Afterwards, the currency has been fixed and adjusted very rarely. Only those who meet government conditions to buy dollars with bolivars are allowed to do so. The conditions for gaining access to the official exchange rate include international travel, supporting a son or daughter with their studies abroad, or – most importantly – importing essential goods into Venezuela, among several other types of uses. Of course, almost immediately a black market for dollars sprung up, with an exchange rate that was very different from the official one. At first the official exchange rate was 2.15 bolivars per dollar, while the black market rate quickly reached double or triple that rate.
In mid-2008 the global financial crisis struck and drove the price of oil down from $140 (U.S.) per barrel in mid 2008, to less than $40 (U.S.) per barrel in early 2009. Suddenly the government could no longer cover all of the imports with its oil industry earnings and so in June 2010 the government introduced a new exchange mechanism, SITME, which sold dollar-denominated bonds that could be bought in bolivars at an exchange rate that was double that of the previous rate.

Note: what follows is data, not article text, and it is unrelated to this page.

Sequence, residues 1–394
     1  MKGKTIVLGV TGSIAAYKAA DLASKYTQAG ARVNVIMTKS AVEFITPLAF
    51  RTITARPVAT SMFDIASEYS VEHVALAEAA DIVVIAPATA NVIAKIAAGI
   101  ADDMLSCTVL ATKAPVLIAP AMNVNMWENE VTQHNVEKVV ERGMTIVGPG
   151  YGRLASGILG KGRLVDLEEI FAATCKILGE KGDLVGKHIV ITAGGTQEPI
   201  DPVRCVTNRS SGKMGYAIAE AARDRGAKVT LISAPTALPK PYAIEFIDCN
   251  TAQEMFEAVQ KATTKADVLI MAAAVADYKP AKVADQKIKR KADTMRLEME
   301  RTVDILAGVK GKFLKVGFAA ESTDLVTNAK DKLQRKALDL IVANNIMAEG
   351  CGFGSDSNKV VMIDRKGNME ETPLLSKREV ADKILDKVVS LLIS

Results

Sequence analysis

Another measure that the government took during this time was to restrict access to dollars at the official exchange rate. That is, the conditions under which Venezuelans could access dollars were significantly tightened. Fewer dollars were available for travel, for study abroad, and for a more restricted list of imports. The consequence of this action was that the black market exchange rate shot up during this period, going from about 8 bolivars per dollar in 2011, and to 16 in 2012.
I know this is a bit boring but the economic underpinnings as well as the actions of leaders have the ability to change things drastically for a country.